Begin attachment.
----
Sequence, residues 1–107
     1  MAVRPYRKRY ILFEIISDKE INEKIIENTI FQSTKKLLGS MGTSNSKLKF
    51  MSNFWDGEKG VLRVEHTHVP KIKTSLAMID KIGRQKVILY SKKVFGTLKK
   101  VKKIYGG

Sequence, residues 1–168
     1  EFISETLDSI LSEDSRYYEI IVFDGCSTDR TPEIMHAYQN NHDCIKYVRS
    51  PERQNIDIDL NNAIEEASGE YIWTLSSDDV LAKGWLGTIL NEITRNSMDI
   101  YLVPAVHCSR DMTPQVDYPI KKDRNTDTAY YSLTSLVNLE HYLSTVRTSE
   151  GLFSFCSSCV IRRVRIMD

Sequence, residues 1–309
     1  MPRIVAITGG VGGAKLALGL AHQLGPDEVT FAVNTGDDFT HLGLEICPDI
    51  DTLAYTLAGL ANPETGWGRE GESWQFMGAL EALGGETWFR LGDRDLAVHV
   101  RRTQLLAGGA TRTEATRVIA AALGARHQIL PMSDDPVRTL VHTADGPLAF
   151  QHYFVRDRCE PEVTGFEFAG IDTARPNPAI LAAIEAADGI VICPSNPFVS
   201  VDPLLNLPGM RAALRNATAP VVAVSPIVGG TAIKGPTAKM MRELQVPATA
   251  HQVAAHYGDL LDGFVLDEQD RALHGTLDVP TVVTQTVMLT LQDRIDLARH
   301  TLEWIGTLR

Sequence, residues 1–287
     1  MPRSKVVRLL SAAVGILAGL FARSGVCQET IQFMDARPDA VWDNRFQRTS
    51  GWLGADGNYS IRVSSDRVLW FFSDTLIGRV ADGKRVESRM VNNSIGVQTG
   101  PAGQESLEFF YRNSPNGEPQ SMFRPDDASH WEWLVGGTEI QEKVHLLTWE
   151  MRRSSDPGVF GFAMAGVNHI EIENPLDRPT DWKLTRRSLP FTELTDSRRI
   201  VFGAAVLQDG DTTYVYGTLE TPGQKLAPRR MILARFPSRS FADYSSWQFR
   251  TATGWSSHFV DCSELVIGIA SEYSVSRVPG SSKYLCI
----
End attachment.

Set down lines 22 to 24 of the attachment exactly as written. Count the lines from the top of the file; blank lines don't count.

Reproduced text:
   151  MRRSSDPGVF GFAMAGVNHI EIENPLDRPT DWKLTRRSLP FTELTDSRRI
   201  VFGAAVLQDG DTTYVYGTLE TPGQKLAPRR MILARFPSRS FADYSSWQFR
   251  TATGWSSHFV DCSELVIGIA SEYSVSRVPG SSKYLCI